I can see why, for the narrative, this version of the song is on the list – but better versions have since been done by Willie Nelson, the Pet Shop Boys and Loretta Lynn.

Progress: 363/1021

Acclaimed Albums – Sticky Fingers by The Rolling Stones

List item: Listen to the 250 greatest albums
Progress: 160/250Title: Sticky Fingers
Artist: The Rolling Stones
Year: 1971
Position: #48

I tried again with the whole ‘listen to a list album whilst playing Horizion: Zero Dawn‘ shtick and, unlike my experience with Fun House this did not lead to me becoming stupidly stressed and needing some time to calm down. I think this speaks to both the calmer blues rock and the fact that I didn’t try and battle any major bosses (other than a pod of some nasty looking robot crocs).

Anyway, I should stop talking about Horizion: Zero Dawn. 

There are times when I listen to an album where all I can hear are ghosts of songs yet to come. With ‘Brown Sugar’ I could hear elements of what would become Foreigner’s ‘Hot Blooded’ and then the blues guitar twangs on ‘Sister Morphine’ let me towards Sheryl Crow’s ‘There Goes The Neighbourhood’. It’s one of the negatives of listening to these albums in a semi-random order –  unlike with the 1001 Songs I am not getting a good through line of how music is changing.

Still, by doing it this way I am able to appreciate it (or not) on a more personal level and, with Sticky Fingers, there are a number of songs on this album that stand out. The two I have mentioned already would probably be my main highlights, but there’s also the album closer ‘Moonlight Mile’. It’s not a song that I had heard of before and yet it’s the one I have been weirdly drawn to. It’s a bit of a mysterious one to end on and, unlike the epic ‘Can’t You Hear Me Knocking’, it feels like the first time I’ve properly heard a vulnerable side from the band.

In the past I haven’t exactly been exploding with compliments for albums by The Rolling Stones – Sticky Fingers is a real way forward. It got hold of me straight away and makes me feel all the more interested to listen to Exile on Main St. which is their highest ranked album by some way.

With (at the time of writing) 90 albums left before I see out the top 250, I cannot help but wonder how long it is going to take me before crossing this off.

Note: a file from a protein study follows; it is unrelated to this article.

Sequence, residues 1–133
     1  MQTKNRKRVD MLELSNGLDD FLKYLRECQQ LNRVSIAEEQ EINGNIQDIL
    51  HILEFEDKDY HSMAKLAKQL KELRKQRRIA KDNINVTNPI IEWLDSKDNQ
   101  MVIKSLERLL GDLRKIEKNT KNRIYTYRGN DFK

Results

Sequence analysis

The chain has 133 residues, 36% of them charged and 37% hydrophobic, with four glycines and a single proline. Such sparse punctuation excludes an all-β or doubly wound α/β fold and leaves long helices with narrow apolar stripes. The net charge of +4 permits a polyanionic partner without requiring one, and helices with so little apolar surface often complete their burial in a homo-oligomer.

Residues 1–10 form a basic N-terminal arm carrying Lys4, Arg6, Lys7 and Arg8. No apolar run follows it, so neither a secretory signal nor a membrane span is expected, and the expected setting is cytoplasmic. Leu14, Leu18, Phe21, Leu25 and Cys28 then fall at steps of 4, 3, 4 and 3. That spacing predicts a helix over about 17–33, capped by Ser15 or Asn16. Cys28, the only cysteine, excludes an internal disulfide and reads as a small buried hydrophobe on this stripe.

1001 Songs – 1968: Part Two

List Item:  Listen to the 1001 Songs You Must Hear Before You Die

Say It Loud (I’m Black and I’m Proud) – James Brown

Compared to the previous James Brown I listened to – where I was unable to get SNL’s Kenan Thompson out of my head – this song actually had a bit more meat to it. I mean we are talking about a time where racism was more prevalent (it’s still pretty prevalent, but you know what I mean) and the Black Power movement was still gaining traction. So a song like this about black Americans being abused by the police became a powerful song to use.

My main problem is still this: this song is incredibly repetitive. It works a bit more here as a protest song, but he does this in other songs so I am not sure how much of a point there was to that as it feels generally improvised.

Hard to Handle – Otis Redding

Here is a song that something more to it. I know this is more soul and James Brown is funk, but this actually has a changing structure and recognisable parts. It’s actually been a while since I last listened to an Otis Redding album and I was reminded of why I enjoyed it.

I think it goes to show that, at this point in time, I like soul a lot more than funk.

A minha menina – Os Mutantes

Okay now for something unlike anything I have heard on this songs list. I enjoy it when random acts of fusion begin to happen as the next round of musicians start to take on the work of other cultures. Here we have the more traditional Brazilian bossa nova music combined with the psychedelic rock that was coming out of the US and the UK.

What you have when these are mixed is something completely new and would form significant part of Brazilian cultural identity in the late 1960s and beyond: Tropicália. It’s fresh, it’s different and it’s something that could only come out of a country of such contrasting cultures as those found in Brazil. I hope a few more of these songs turn up along the way.

Sympathy for the Devil – The Rolling Stones

Okay so we have two songs in a row that have fused rock music with Latin American influences – in this instance the samba. I mentioned two years ago about how much Beggar’s Banquet (the album where this song acts as an opener) left me cold. I even signalled out ‘Sympathy for the Devil’ as a song that did nothing for me.

Here we are two years later and I am able to enjoy this song more. I love how the upbeat samba forms a strange contrast with the satanic lyrics. The thing that gets me is just how highly this is rated on best song lists. It’s fine, it’s fun and it’s very repetitive. Listening to it makes me wonder just how many times they are going ‘woo woo’ in the background. I feel like I am in the minority when it comes to rock music, but that’s okay.

Pressure Drop – Toots & The Maytals